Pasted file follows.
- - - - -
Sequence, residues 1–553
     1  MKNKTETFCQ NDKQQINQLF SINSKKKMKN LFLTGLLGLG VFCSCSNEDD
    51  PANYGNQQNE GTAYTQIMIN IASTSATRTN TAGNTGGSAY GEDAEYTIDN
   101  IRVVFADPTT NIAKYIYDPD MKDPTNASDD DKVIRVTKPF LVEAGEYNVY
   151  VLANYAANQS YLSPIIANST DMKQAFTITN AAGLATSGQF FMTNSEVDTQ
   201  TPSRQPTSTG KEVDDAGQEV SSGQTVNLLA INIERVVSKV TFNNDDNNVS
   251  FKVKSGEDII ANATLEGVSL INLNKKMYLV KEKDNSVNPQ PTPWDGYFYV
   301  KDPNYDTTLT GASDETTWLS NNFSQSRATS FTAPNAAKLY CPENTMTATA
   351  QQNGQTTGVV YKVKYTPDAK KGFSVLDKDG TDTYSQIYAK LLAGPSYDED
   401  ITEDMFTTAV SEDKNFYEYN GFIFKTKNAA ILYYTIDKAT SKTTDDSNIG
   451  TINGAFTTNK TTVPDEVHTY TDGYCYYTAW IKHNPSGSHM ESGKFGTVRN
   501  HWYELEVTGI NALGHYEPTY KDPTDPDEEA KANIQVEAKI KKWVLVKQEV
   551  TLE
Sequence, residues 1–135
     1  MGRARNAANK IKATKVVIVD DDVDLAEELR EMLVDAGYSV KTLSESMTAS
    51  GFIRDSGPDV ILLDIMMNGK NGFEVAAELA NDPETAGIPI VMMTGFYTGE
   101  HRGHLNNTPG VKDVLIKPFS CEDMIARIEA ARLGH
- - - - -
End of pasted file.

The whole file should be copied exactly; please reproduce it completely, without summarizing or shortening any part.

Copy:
Sequence, residues 1–553
     1  MKNKTETFCQ NDKQQINQLF SINSKKKMKN LFLTGLLGLG VFCSCSNEDD
    51  PANYGNQQNE GTAYTQIMIN IASTSATRTN TAGNTGGSAY GEDAEYTIDN
   101  IRVVFADPTT NIAKYIYDPD MKDPTNASDD DKVIRVTKPF LVEAGEYNVY
   151  VLANYAANQS YLSPIIANST DMKQAFTITN AAGLATSGQF FMTNSEVDTQ
   201  TPSRQPTSTG KEVDDAGQEV SSGQTVNLLA INIERVVSKV TFNNDDNNVS
   251  FKVKSGEDII ANATLEGVSL INLNKKMYLV KEKDNSVNPQ PTPWDGYFYV
   301  KDPNYDTTLT GASDETTWLS NNFSQSRATS FTAPNAAKLY CPENTMTATA
   351  QQNGQTTGVV YKVKYTPDAK KGFSVLDKDG TDTYSQIYAK LLAGPSYDED
   401  ITEDMFTTAV SEDKNFYEYN GFIFKTKNAA ILYYTIDKAT SKTTDDSNIG
   451  TINGAFTTNK TTVPDEVHTY TDGYCYYTAW IKHNPSGSHM ESGKFGTVRN
   501  HWYELEVTGI NALGHYEPTY KDPTDPDEEA KANIQVEAKI KKWVLVKQEV
   551  TLE
Sequence, residues 1–135
     1  MGRARNAANK IKATKVVIVD DDVDLAEELR EMLVDAGYSV KTLSESMTAS
    51  GFIRDSGPDV ILLDIMMNGK NGFEVAAELA NDPETAGIPI VMMTGFYTGE
   101  HRGHLNNTPG VKDVLIKPFS CEDMIARIEA ARLGH